Govt's work capability tests discriminate against mental illness

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Judges have ruled that work capability assessments (WCA) conducted to decide eligibility for certain disability benefits discriminate against those with mental illness.

The highly controversial WCA has been regularly criticised for not taking into account claimants true problems.

This has been highlighted by around 40% of those claimants being turned down for Employment and Support Allowance (ESA) being successful on appeal.

The judicial review was brought to the Upper Tribunal by two claimants with mental health problems whose identities have been protected.

They argued that those claimants with mental health problems needed greater help and support to bring together the evidence supporting their claim.

The court agreed and ruled that those with with mental illness, autism and learning difficulties were at a substantial disadvantage.

According to the Public Law Project, the ruling was unusual in that it after ordering the Department for Work and Pensions (DWP) to take reasonable steps to address the disadvantages, it required the DWP to carry out an investigation and then return to court to explain what steps it proposes to take.

The claimants' solicitor and member of the Public Law Project Ravi Low-Beer said: "The ruling confirms what disabled people have been saying for years - that the Work Capability Assessment process is not fit for purpose.

"The court has considered the evidence and has endorsed the view of the experts and non governmental organisations that have repeatedly called for medical evidence to be sought and considered by the DWP at the early stages of a claim. It is up to all of us now to put pressure on the DWP to investigate - and then implement - real changes to the process without delay or prevarication, as the court has ordered.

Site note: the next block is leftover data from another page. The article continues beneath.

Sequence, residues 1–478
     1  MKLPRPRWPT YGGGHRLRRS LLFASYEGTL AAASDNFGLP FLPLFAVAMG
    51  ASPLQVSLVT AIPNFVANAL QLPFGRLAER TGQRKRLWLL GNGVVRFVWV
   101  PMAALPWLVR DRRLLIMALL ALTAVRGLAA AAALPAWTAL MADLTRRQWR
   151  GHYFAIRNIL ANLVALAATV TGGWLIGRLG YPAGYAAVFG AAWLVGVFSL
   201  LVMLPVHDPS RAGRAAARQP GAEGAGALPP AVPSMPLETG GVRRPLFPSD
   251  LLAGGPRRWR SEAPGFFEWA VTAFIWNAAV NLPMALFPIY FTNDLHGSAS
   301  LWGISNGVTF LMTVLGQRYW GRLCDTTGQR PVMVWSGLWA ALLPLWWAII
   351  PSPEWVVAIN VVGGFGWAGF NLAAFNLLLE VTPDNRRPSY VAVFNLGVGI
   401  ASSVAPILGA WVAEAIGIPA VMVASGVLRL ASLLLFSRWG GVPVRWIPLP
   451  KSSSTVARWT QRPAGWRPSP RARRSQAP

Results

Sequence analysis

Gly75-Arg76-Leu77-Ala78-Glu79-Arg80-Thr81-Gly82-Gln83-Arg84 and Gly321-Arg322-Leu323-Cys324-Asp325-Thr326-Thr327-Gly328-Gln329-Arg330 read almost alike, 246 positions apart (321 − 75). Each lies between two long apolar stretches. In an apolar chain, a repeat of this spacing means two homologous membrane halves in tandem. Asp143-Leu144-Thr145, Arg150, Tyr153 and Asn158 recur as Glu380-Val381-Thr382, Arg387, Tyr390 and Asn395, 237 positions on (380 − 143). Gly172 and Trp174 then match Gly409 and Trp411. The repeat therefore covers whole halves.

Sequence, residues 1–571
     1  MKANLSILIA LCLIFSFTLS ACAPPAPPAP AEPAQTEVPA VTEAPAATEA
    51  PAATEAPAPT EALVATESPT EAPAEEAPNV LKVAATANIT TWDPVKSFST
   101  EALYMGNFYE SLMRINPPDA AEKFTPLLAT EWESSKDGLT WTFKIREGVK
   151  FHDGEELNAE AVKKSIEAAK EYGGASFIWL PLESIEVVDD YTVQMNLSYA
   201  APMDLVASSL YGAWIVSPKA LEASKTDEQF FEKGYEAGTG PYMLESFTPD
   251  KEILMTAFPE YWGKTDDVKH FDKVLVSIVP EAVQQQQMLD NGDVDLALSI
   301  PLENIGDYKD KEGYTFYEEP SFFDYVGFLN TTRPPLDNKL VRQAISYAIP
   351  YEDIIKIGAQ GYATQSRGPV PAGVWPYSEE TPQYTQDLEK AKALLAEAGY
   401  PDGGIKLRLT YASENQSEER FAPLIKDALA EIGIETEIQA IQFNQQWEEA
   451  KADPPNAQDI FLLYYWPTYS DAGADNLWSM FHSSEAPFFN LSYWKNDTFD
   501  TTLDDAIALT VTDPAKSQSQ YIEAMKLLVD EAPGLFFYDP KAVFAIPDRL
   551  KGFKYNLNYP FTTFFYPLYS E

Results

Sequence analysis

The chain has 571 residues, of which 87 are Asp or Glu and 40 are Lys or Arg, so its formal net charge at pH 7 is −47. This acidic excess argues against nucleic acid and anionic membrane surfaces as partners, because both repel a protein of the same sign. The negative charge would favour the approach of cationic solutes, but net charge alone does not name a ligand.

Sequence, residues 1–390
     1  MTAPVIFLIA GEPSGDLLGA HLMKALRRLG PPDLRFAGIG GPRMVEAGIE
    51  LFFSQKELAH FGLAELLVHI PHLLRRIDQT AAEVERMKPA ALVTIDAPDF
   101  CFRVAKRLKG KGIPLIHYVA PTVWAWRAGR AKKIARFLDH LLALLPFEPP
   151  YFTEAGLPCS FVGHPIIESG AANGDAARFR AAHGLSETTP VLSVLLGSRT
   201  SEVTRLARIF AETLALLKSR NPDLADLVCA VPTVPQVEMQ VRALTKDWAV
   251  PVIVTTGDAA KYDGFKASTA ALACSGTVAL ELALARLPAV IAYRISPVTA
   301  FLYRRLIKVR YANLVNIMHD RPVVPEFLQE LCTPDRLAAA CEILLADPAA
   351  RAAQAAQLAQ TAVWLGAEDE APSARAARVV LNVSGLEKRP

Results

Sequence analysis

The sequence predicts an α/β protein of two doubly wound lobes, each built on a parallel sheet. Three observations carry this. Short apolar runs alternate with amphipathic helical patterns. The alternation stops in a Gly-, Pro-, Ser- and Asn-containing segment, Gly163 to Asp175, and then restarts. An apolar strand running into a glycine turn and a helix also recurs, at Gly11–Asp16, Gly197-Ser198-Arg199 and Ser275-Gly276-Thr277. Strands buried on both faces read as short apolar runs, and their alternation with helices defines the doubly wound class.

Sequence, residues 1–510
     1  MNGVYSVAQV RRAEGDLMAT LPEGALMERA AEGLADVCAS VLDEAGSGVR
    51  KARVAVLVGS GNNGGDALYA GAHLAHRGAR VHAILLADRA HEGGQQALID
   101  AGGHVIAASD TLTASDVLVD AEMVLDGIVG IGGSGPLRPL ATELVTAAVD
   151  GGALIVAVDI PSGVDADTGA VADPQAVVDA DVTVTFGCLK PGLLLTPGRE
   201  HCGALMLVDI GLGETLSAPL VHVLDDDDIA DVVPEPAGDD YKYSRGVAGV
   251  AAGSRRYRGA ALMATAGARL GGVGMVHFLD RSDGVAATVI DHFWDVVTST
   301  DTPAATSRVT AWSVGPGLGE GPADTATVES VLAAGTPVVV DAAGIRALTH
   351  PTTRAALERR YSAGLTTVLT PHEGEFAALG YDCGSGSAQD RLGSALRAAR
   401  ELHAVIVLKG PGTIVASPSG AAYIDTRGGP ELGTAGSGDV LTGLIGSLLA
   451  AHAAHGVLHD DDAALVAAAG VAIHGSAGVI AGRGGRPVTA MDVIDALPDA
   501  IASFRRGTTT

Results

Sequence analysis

"It is in everyone's interests that the DWP changes course - if they continue to rush people with mental health disabilities through the process as it stands, more ill people will be wrongly refused support, more ill people will suffer a deterioration in their mental health as they try to navigate the appeal system, and more public money will be wasted."

The DWP said it was planning to appeal the decision.
The decision was welcomed by the Trades Union Congress which said the government should now act on the ruling, rather than appeal it.

TUC General Secretary Frances O'Grady said: "Rather than waste time appealing against the decision and causing individuals yet more distress and anxiety, the Department for Work and Pensions should instead concentrate on improving its procedures.

"If work capability assessments are to be fair and no longer discriminate against people with a mental illness or learning disability, all the relevant medical evidence must be sourced before a decision is taken about whether someone is eligible for employment and support allowance.

"Changes must be made to the assessments now, otherwise anyone who struggles to collect together the necessary material to support their case will continue to be assessed incorrectly and wrongly denied the support they need," she added.

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